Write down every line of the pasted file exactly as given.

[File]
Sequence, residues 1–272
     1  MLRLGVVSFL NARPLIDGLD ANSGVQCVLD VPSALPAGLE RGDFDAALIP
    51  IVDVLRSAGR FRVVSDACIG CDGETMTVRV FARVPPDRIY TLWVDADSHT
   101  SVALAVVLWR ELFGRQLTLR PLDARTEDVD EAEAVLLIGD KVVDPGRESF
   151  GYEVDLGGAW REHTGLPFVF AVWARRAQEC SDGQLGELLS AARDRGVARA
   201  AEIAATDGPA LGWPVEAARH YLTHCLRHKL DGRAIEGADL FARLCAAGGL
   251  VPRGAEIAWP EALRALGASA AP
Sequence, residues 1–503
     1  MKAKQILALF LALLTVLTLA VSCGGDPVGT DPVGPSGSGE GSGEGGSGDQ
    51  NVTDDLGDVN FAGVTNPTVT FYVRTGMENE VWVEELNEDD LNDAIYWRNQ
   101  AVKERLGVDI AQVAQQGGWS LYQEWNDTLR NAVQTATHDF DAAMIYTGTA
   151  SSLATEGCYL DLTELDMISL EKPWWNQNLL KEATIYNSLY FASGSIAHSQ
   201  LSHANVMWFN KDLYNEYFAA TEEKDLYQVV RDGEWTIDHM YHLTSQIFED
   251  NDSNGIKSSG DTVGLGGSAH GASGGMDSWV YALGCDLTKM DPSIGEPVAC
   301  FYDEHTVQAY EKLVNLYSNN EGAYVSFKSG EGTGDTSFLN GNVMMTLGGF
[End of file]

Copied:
Sequence, residues 1–272
     1  MLRLGVVSFL NARPLIDGLD ANSGVQCVLD VPSALPAGLE RGDFDAALIP
    51  IVDVLRSAGR FRVVSDACIG CDGETMTVRV FARVPPDRIY TLWVDADSHT
   101  SVALAVVLWR ELFGRQLTLR PLDARTEDVD EAEAVLLIGD KVVDPGRESF
   151  GYEVDLGGAW REHTGLPFVF AVWARRAQEC SDGQLGELLS AARDRGVARA
   201  AEIAATDGPA LGWPVEAARH YLTHCLRHKL DGRAIEGADL FARLCAAGGL
   251  VPRGAEIAWP EALRALGASA AP
Sequence, residues 1–503
     1  MKAKQILALF LALLTVLTLA VSCGGDPVGT DPVGPSGSGE GSGEGGSGDQ
    51  NVTDDLGDVN FAGVTNPTVT FYVRTGMENE VWVEELNEDD LNDAIYWRNQ
   101  AVKERLGVDI AQVAQQGGWS LYQEWNDTLR NAVQTATHDF DAAMIYTGTA
   151  SSLATEGCYL DLTELDMISL EKPWWNQNLL KEATIYNSLY FASGSIAHSQ
   201  LSHANVMWFN KDLYNEYFAA TEEKDLYQVV RDGEWTIDHM YHLTSQIFED
   251  NDSNGIKSSG DTVGLGGSAH GASGGMDSWV YALGCDLTKM DPSIGEPVAC
   301  FYDEHTVQAY EKLVNLYSNN EGAYVSFKSG EGTGDTSFLN GNVMMTLGGF